Vladimir Nabokov

NABOKV-L post 0025006, Thu, 16 Jan 2014 21:01:27 +0300

Pale Fire in Ada
In their old age Van and Ada translate Pale Fire (Shade's poem) into Russian:

They had spent most of the morning reworking their translation of a passage (lines 569-572) in John Shade's famous poem:

...Soveti mi dayom
Kak bit' vdovtsu: on poteryal dvuh zhyon;
On ih vstrechaet - lyubyashchih, lyubimih,
Revnuyushchih ego drug k druzhke...

(...We give advice
To widower. He has been married twice:
He meets his wives, both loved, both loving, both
Jealous of one another...) (5.6)

Incidentally, Pale Fire is the name of the horse in a steeplechase picture hanging above Cordula's and Tobak's bed in their Tobakoff suite:

There hung, she [Lucette] said, a steeplechase picture of 'Pale Fire with Tom Cox Up' above dear Cordula's and Tobak's bed, in the suite 'wangled in one minute flat' from them, and she wondered how it affected the Tobaks' love life during sea voyages. (3.5)

Lucette who travels in that suite invites Van to see her cabin:

'Come and see my cabin,' she pleaded as he pushed her away with the very spring, as it were, of his animal reaction to the fire of her lips and tongue. 'I simply must show you their pillows and piano. There's Cordula's smell in all the drawers. I beseech you!'
'Run along now,' said Van. 'You've no right to excite me like that. I'll hire Miss Condor to chaperone me if you do not behave yourself. We dine at seven-fifteen.' (ibid.)

When Lucette rings Van up and he tells her that he is not alone in his cabin, Lucette thinks that Van is with Miss Condor and commits suicide jumping into the Atlantic.

One of the foot boys at Ardis admires the pictures of race horses:

Slapping his thighs in dismay, the coachman [Trofim Fartukov] stood berating a tousled foot boy who had appeared from under a bush. He had concealed himself there to enjoy in peace a tattered copy of Tattersalia with pictures of tremendous, fabulously elongated race horses, and had been left behind by the charabanc which had carried away the dirty dishes and the drowsy servants. (1.39)

It is Trofim Fartukov who takes Van to Maidenhair when Van leaves Ardis forever (1.41):

Maidenhair. Idiot! Percy boy might have been buried by now! Maidenhair. Thus named because of the huge spreading Chinese tree at the end of the platform. Once, vaguely, confused with the Venus'-hair fern. She walked to the end of the platform in Tolstoy's novel. First exponent of the inner monologue, later exploited by the French and the Irish. N'est vert, n'est vert, n'est vert. L'arbre aux quarante ecus d'or, at least in the fall. Never, never shall I hear again her 'botanical' voice fall at biloba, 'sorry, my Latin is showing.' Ginkgo, gingko, ink, inkog. Known also as Salisbury's adiantofolia, Ada's infolio, poor Salisburia: sunk; poor Stream of Consciousness, maree noire by now. Who wants Ardis Hall! (1.41)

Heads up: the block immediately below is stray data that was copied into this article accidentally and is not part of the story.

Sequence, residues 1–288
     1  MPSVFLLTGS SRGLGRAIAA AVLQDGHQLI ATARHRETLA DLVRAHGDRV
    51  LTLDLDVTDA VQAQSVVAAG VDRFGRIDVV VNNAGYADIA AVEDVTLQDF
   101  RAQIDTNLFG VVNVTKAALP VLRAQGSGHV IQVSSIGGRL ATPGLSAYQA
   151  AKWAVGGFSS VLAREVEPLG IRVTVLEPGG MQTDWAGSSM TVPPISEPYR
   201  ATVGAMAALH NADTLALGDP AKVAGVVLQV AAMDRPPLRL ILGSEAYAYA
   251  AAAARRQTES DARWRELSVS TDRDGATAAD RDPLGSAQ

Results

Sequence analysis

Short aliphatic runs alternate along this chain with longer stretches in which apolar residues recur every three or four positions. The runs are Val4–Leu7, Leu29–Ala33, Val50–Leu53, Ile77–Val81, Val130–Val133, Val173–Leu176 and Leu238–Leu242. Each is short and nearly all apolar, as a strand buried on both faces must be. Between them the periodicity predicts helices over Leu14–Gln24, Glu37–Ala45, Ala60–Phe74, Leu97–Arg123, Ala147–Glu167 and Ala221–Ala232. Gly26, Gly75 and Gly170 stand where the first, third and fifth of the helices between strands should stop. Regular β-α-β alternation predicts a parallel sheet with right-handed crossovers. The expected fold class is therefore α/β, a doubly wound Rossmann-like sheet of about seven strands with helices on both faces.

The maidenhair-tree (ginkgo) is also mentioned in Pale Fire:

Many years ago Disa, our King's Queen, whose favorite trees were the jacaranda and the maidenhair, copied out in her album a quatrain from John Shade's collection of short poems Hebe's Cup, which I cannot refrain from quoting here (from a letter I received on April 6, 1959, from southern France):
The gingko leaf, in golden hue, when shed,
A muscat grape,
Is an old-fashioned butterfly, ill-spread
In shape.
When the new Episcopal church in New Wye (see note to line 549) was built, the bulldozers spared an arc of those sacred trees planted by a landscaper of genius (Repburg) at the end of the so-called Shakespeare Avenue, on the campus. I do not know if it is relevant or not but there is a cat-and-mouse game in the second line, and "tree" in Zemblan is grados. (Kinbote's note to line 49)

In his stream of consciousness Van recalls Ada's revised monologue of Shakespeare's mad king:

Ce beau jardin fleurit en mai,
Mais in hiver
Jamais, jamais, jamais, jamais, jamais
N'est vert, n'est vert, n'est vert, n'est vert, n'est vert. (1.14)

"Jamais" was the nickname of Chekhov's friend Lika Mizinov. In a letter of June 12, 1891, to Lika Chekhov mentions lomovoy izvozchik (a carter) Trophim, who would enlarge Lika's vocabulary with foul words. Instead of signature, Chekhov drew a heart pierced with an arrow.

In a letter of September 8, 1891, to Suvorin Chekhov mentions Tolstoy's Holstomer ("Story of a Horse," 1886):

Итак, к чёрту философию великих мира сего! Она вся, со всеми юродивыми послесловиями и письмами к губернаторше, не стоит одной кобылки из «Холстомера».
And so to the devil with the philosophy of all the great ones of this world! The whole of it with its fanatical "Afterwords" and "Letters to a Governor's Wife" is not worth one little mare in his "Story of a Horse."

Alexey Sklyarenko

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